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all functions  b
baget

baget(file, varname)
read and return the (first) variable named VARNAME in FILE.
The obasis function opens files readonly. If you want to update
a PFB Basisgenerated PDB file without altering its "@decorated"
variable names, open the file with updateb, then use baset to
modify variables. Since you can only change the entire variable
with baset, you may want to read it first with baget.
interpreted function, defined at i/basfix.i line 97

SEE ALSO:

obasis,
baset

baset

baset, file, varname, value
set the (first) variable named VARNAME in FILE to VALUE.
The obasis function opens files readonly. If you want to update
a PFB Basisgenerated PDB file without altering its "@decorated"
variable names, open the file with updateb, then use baset to
modify variables. Since you can only change the entire variable
with baset, you may want to read it first with baget.
interpreted function, defined at i/basfix.i line 74

SEE ALSO:

obasis,
baget

batch

batch, 1
batch, 0
batch()
turns on, turns off, or tests for batch mode, respectively.
If yorick is started with the command line:
yorick batch batch_include.i ...
then batch mode is turned on, the usual custom.i startup file is
skipped, and the file batch_include.i is parsed and executed. The
batch and batch_include.i command line arguments are removed from
the list returned by get_argv(). These must be the first two
arguments on the command line.
In batch mode, any error will terminate Yorick (as by the quit
function) rather than entering debug mode. Also, any attempt to
read from the keyboard is an error.
builtin function, documented at i0/std.i line 2598

SEE ALSO:

process_argv,
get_argv,
set_idler

bessi0

bessi0(x)
returns Bessel function I0 at points X.
interpreted function, defined at i/bessel.i line 244

SEE ALSO:

bessi

bessi1

bessi1(x)
returns Bessel function I1 at points X.
interpreted function, defined at i/bessel.i line 271

SEE ALSO:

bessi

bessj0

bessj0(x)
returns Bessel function J0 at points X.
interpreted function, defined at i/bessel.i line 14

SEE ALSO:

bessj

bessj1

bessj1(x)
returns Bessel function J1 at points X.
interpreted function, defined at i/bessel.i line 47

SEE ALSO:

bessj

bessk0

bessk0(x)
returns Bessel function K0 at points X.
interpreted function, defined at i/bessel.i line 345

SEE ALSO:

bessk

bessk1

bessk1(x)
returns Bessel function K1 at points X.
interpreted function, defined at i/bessel.i line 371

SEE ALSO:

bessk

bessy0

bessy0(x)
returns Bessel function Y0 at points X.
interpreted function, defined at i/bessel.i line 151

SEE ALSO:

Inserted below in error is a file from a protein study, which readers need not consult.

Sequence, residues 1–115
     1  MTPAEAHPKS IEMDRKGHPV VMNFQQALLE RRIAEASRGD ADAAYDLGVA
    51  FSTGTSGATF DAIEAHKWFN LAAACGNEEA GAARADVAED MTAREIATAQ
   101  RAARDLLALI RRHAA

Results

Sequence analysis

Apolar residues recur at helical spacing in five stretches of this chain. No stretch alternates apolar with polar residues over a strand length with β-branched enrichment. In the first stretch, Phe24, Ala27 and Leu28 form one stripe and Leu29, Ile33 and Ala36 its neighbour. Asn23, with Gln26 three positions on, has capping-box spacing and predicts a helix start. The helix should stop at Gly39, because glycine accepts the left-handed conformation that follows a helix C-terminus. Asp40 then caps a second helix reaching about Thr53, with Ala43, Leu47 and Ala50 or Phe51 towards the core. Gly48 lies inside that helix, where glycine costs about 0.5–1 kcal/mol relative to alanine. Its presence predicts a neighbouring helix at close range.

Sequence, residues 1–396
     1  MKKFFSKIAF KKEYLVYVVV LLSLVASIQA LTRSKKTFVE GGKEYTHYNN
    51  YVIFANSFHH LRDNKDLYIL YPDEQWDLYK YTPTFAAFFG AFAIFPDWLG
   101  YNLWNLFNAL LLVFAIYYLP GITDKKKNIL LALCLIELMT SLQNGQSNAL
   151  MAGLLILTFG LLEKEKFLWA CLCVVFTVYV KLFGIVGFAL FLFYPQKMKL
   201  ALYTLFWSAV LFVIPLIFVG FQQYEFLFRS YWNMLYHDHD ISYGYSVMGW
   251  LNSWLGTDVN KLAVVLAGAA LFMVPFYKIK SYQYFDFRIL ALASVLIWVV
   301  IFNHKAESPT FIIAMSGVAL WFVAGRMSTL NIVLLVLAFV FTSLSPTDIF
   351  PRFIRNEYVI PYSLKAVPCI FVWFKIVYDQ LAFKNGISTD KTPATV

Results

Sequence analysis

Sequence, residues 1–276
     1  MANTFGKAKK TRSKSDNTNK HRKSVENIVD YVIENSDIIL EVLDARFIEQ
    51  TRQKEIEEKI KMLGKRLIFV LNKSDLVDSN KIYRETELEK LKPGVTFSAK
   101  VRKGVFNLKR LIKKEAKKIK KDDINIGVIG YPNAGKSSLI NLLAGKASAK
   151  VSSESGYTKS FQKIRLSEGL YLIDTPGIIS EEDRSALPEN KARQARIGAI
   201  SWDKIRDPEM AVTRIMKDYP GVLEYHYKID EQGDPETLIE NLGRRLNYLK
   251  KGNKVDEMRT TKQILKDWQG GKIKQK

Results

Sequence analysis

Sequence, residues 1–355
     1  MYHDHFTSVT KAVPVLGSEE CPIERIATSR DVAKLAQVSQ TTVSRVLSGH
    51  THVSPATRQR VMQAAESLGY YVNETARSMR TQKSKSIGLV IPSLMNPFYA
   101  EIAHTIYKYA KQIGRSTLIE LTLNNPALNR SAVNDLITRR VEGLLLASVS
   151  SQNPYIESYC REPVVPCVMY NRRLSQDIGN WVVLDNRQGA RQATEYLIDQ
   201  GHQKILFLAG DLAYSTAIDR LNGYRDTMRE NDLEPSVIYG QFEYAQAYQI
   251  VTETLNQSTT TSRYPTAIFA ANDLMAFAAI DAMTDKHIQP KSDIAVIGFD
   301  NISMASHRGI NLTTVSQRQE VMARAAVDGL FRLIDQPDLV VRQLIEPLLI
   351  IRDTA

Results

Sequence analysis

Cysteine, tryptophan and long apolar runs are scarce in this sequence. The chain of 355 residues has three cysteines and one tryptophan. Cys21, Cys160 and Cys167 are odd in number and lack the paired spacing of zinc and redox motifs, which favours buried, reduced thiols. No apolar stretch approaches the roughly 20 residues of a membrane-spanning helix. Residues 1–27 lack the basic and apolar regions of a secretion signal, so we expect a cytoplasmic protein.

bessy

bessy1

bessy1(x)
returns Bessel function Y1 at points X.
interpreted function, defined at i/bessel.i line 184

SEE ALSO:

bessy

best_rays

best_rays(rays)
returns 5element (x,y,z,theta,phi) representation of RAYS.
The first dimension of RAYS may be length 3, 5, or 6 to represent
the ray(s) in TDG/DIRT coordinates (x,y,theta), "best" coordinates
(x,y,z,theta,phi), or internal coordinates (cos,sin,y,z,x,r),
respectively. The first dimension of the result always has length 5.
The "best" coordinate system is the easiest to visualize:
(x,y,z) represents any point on the ray, while (theta,phi)
represents the ray direction in standard spherical coordinates
relative to the +zaxis. Namely, theta is the angle from the
+zdirection to the ray direction (between 0 and pi), and phi is
the counterclockwise angle from the +xaxis to the projection of
the ray direction into the xyplane, assuming xyz is a righthanded
coordinate system.
As a specification of a ray, this system is doubly redundant because
the point (x,y,z) could be any point on the ray, and the underlying
mesh through which the ray propagates is cylindrically symmetric about
the zaxis.
However, the slimits parameter  used to specify the points along
a ray where the transport integration starts and stops  is
measured from the point (x,y,z) specified as a part of the
(x,y,z,theta,phi) ray coordinate. Thus, any change in the point
(x,y,z) on a ray must be accompanied by a corresponding change in
the slimits for that ray.
interpreted function, defined at i/rays.i line 40

SEE ALSO:

form_rays,
dirt_rays,
internal_rays,
get_s0,
picture_rays

beta

beta(z,w)
returns the beta function gamma(z)gamma(w)/gamma(z+w)
interpreted function, defined at i/gamma.i line 59

SEE ALSO:

ln_gamma,
bico

bico

bico(n,k)
returns the binomial coefficient n!/(k!(nk)!) as a double.
interpreted function, defined at i/gamma.i line 50

SEE ALSO:

ln_gamma,
beta

bnu

bnu
interpreted function, defined at i/test2.i line 311

bookmark

backup, f
or bmark= bookmark(f)
...
backup, f, bmark
back up the text stream F, so that the next call to the read
function returns the same line as the previous call to read
(note that you can only back up one line). If the optional
second argument BMARK is supplied, restores the state of the
file F to its state at the time the bookmark function was
called.
After a matching failure in read, use the single argument form
of backup to reread the line containing the matching failure.
builtin function, documented at i0/std.i line 1466

SEE ALSO:

read,
rdline,
open,
close

bowtie

map= bowtie(rt, zt)
or map= bowtie(rt, zt, ireg)
returns a "bowtie map" for the quadrilateral mesh defined by